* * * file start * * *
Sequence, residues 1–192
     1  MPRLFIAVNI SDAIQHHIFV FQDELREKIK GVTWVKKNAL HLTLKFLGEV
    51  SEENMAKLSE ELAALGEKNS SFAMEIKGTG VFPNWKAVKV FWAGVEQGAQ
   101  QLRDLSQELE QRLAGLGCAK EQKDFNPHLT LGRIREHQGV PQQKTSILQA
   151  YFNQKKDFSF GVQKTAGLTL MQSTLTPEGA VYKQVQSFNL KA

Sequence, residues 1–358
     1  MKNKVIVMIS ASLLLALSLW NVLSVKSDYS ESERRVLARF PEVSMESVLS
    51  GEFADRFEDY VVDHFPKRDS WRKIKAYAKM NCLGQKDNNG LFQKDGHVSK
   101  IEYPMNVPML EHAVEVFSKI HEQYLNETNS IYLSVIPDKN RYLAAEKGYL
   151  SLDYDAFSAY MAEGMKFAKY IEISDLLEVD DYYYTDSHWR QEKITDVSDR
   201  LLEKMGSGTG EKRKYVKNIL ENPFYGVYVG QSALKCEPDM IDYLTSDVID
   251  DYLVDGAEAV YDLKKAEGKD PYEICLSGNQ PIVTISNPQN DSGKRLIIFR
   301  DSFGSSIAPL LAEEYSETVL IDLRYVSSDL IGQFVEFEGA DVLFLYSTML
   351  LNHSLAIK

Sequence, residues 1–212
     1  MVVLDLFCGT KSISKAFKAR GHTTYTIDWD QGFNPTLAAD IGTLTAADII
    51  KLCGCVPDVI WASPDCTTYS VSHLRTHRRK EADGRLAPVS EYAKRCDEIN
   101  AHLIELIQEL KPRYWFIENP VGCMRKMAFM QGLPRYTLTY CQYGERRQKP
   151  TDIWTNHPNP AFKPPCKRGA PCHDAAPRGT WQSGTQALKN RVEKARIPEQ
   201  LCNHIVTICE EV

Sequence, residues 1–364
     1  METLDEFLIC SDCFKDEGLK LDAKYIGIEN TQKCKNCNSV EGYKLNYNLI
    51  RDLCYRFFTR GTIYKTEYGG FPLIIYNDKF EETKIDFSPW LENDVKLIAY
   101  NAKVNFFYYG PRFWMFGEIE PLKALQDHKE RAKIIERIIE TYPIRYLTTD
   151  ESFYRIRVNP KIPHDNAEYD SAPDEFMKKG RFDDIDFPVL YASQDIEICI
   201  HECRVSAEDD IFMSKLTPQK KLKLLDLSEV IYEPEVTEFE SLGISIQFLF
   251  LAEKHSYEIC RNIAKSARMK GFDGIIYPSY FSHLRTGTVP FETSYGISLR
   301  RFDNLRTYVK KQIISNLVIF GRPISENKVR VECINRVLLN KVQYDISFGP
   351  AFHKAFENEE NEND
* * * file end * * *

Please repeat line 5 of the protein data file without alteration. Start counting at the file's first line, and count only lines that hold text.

   151  YFNQKKDFSF GVQKTAGLTL MQSTLTPEGA VYKQVQSFNL KA